Divorces are as unique as families are. No two families go through the exact same divorce, which means that the exact same solutions will not work for all families, either.
One living arrangement that many divorcing families engage in is “birdnesting.” According to NBC News, “birdnesting” or simply “nesting” means that the children stay full-time in the family home, while the parents swap in and out in shifts.
What does birdnesting accomplish?
Birdnesting offers a number of advantages, particularly for families at the beginning of a divorce process. It allows the children an unparalleled amount of continuity: they will be able to stay in the same school, do the same activities and sleep in the same bedroom. This stability greatly benefits the children.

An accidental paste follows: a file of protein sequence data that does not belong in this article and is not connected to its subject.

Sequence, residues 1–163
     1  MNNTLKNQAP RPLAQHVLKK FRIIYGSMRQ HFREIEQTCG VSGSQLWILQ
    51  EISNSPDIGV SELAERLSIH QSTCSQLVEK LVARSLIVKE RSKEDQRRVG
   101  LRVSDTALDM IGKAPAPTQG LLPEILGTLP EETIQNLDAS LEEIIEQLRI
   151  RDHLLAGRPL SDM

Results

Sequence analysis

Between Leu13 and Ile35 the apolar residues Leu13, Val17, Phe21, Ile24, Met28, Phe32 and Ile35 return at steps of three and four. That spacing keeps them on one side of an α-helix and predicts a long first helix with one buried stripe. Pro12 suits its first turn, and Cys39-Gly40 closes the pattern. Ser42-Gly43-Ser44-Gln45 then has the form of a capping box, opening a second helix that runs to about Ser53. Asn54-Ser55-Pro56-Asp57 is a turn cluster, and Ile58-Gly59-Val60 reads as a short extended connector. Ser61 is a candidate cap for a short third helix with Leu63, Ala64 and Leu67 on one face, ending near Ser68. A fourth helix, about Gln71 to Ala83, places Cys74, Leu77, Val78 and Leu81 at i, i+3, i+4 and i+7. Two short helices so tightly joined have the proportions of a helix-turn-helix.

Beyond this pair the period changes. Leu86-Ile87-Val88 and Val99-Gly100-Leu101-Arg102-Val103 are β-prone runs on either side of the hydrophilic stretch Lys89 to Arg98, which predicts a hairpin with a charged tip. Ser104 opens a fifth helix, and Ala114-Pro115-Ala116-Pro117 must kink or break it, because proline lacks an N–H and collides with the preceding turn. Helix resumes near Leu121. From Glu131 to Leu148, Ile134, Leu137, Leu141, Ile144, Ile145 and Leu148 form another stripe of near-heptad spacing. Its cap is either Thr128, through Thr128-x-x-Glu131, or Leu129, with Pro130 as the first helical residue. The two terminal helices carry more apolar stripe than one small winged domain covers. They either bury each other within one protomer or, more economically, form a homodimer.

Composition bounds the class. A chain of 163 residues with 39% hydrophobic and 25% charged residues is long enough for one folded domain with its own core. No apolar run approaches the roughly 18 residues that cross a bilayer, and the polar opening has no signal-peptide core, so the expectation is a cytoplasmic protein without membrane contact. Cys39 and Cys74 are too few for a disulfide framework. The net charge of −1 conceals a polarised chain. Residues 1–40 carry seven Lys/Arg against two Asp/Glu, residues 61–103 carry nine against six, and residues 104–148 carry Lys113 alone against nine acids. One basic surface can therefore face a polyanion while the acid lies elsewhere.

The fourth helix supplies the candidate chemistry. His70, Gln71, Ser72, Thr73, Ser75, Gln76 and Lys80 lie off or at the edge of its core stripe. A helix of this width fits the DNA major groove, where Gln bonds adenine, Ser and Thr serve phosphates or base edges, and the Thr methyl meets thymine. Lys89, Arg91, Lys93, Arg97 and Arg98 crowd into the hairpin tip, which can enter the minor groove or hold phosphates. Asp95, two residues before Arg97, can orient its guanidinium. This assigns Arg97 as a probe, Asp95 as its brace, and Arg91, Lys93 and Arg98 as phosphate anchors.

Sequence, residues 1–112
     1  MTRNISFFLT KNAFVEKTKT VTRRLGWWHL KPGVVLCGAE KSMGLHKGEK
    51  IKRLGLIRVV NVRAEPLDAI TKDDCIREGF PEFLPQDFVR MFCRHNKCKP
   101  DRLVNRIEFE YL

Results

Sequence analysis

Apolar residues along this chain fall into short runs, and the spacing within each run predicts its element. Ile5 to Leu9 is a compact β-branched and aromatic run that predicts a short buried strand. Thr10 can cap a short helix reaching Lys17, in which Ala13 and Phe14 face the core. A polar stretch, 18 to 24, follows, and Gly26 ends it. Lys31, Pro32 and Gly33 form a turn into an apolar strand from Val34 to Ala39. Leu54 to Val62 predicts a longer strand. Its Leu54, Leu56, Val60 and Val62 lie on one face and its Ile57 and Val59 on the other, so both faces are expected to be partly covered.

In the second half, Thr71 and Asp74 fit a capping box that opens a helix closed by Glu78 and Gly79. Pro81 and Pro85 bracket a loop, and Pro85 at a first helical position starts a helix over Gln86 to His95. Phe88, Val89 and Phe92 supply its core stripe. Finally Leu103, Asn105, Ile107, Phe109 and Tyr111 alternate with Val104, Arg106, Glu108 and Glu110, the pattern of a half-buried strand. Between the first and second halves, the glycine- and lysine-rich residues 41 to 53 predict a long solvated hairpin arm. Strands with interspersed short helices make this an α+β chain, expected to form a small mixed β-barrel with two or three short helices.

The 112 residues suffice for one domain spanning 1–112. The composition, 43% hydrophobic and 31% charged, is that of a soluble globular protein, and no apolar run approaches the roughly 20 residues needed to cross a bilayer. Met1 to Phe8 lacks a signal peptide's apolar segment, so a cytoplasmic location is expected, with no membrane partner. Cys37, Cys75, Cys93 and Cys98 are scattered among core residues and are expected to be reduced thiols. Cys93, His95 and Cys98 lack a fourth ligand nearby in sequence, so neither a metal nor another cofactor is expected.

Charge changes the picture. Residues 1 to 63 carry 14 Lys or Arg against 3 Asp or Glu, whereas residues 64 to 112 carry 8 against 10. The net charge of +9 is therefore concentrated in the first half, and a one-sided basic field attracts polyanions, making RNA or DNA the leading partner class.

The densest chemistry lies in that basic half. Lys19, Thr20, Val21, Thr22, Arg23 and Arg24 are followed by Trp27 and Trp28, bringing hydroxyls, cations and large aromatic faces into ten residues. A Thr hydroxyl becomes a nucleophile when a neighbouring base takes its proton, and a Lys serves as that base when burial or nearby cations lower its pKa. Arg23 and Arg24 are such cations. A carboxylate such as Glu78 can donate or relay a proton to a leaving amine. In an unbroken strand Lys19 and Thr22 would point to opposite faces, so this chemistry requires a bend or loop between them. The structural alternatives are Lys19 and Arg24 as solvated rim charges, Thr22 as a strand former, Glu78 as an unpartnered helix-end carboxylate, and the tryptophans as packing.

It will also allow the parents adequate space from each other. With only one parent in the house at a time, the chance of conflict lowers greatly. Plus, it allows the children to get used to being around only one parent.
What are potential drawbacks?
In order to engage in successful birdnesting, you and your ex must be on reasonably congenial terms. If you cannot have a conversation with your ex without an argument, it is unlikely that birdnesting will work for you. You will still need to collaborate on food, schedules, utilities and much more.
Birdnesting is also usually not a permanent arrangement. Maintaining the family home as well as separate living situations for the parents is usually cost-prohibitive. Plus, too long spent birdnesting may give your children false hope that you and your ex will get back together.